“More teachers and headteachers are leaving the profession prematurely, whilst targets to train the next generation of teachers have been missed for more than a decade. School buildings are crumbling and increasing numbers of pupils are unable to access the specialist services and support they need.

“This election matters, not just for education in England, but across the UK because in Northern Ireland, Scotland and Wales high quality education is dependent on a fair funding settlement from Westminster.

“The message from our members is loud and clear: teachers are angry, frustrated and believe the change we need can only come from a new government that is committed to delivering a New Deal for Teachers.

“NASUWT will be campaigning to ensure that the next government will commit to ending the teacher recruitment and retention crisis and ensuring that every child is taught by qualified teachers. 

“If politicians want the votes of the teaching profession in this election they have six weeks to prove they are ready to deliver for teachers, pupils, parents and the future of our education system.”

Ben Rowland, AELP Chief Executive Officer said:

“July’s General Election is a chance to shape the future of skills provision. The next government has a golden opportunity to reverse flatlining productivity and tepid economic growth by investing in skills. Allowing learners to develop the skills employers need must be a national priority.

“That needs our future parliamentarians to understand much more about the role training providers – especially independent training providers (ITPs) – play in delivering skills, and to ensure they have the resources they need to deliver the wide range of high-quality programmes employers demand.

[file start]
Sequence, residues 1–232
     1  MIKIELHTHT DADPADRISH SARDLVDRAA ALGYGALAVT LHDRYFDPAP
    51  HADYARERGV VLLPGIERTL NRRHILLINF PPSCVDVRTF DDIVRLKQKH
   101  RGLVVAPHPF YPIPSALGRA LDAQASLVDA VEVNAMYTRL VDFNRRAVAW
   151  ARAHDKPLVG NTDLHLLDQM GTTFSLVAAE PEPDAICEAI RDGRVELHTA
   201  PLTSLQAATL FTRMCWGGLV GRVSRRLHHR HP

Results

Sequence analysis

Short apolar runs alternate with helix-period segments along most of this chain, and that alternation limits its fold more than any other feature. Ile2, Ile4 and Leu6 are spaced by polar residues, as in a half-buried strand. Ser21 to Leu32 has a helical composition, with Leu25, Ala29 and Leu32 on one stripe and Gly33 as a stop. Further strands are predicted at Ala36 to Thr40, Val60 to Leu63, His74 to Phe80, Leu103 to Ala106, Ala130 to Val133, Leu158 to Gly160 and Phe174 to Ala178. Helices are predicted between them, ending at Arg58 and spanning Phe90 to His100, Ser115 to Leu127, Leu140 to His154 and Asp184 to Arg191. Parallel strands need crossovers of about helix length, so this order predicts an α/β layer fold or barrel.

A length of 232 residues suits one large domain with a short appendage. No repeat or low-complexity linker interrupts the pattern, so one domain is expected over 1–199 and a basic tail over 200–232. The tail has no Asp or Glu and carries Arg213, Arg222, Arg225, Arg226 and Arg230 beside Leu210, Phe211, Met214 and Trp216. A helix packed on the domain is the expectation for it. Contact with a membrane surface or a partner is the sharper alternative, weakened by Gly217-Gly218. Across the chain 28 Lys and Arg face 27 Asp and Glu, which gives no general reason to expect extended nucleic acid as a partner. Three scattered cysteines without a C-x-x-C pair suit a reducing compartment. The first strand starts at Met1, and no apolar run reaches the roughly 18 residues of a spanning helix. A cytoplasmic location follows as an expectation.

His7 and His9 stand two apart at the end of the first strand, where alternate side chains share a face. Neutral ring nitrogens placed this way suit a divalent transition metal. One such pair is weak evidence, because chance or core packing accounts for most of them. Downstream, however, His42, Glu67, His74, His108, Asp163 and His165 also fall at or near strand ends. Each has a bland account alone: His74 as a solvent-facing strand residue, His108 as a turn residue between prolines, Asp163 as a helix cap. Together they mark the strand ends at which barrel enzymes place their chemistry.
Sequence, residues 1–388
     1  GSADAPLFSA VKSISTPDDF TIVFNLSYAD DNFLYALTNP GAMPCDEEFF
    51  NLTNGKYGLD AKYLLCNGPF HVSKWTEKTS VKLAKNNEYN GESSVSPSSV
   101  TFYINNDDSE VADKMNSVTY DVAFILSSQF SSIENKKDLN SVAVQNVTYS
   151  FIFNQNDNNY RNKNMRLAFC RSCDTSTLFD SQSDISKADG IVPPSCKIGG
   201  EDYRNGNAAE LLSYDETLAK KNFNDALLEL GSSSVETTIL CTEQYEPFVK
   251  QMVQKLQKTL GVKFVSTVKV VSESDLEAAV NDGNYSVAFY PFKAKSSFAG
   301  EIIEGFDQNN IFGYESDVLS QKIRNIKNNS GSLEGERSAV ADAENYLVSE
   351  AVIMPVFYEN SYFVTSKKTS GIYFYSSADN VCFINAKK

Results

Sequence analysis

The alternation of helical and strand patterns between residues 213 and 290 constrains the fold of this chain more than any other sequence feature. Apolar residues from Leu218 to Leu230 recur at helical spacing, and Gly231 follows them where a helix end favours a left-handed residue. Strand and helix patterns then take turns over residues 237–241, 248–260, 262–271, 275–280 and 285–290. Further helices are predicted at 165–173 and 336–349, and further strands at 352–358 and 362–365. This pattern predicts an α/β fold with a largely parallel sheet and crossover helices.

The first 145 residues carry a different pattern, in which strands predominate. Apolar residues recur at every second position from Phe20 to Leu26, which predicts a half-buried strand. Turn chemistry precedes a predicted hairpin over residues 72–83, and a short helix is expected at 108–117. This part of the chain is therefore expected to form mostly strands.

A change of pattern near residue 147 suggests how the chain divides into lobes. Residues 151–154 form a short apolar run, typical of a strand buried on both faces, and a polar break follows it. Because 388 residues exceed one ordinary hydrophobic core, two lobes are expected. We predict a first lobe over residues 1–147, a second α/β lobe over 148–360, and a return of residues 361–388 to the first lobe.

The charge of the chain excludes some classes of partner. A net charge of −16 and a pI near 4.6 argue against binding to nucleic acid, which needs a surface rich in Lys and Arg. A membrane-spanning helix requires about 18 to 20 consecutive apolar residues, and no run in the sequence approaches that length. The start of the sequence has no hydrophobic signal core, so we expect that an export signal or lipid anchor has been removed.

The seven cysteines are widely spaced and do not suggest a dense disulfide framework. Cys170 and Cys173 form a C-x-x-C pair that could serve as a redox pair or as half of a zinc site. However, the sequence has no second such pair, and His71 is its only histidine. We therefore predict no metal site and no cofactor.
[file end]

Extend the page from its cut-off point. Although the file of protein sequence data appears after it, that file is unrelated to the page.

“To do this we need the next government to commit to:

  • A national strategy for a national skills system that supports economic growth in every region of the country.
  • An apprenticeship system that delivers for businesses of all sizes by supporting learners of all ages and at all levels.
  • More vocational and technical learning opportunities for young people to help home grown talent to fill job vacancies in key sectors.
  • A lifelong learning guarantee to enable people to gain new skills throughout their working life.
  • A root and branch review of how English and maths is delivered and assessed throughout the education system.
  • A skills system that prioritises learners and employers, not the institution they study at.

“AELP will be promoting this message throughout the next six weeks and beyond, and calls on all its members to get in contact with local election candidates to invite them in to see first-hand the brilliant work providers do on a daily basis.”

Related Articles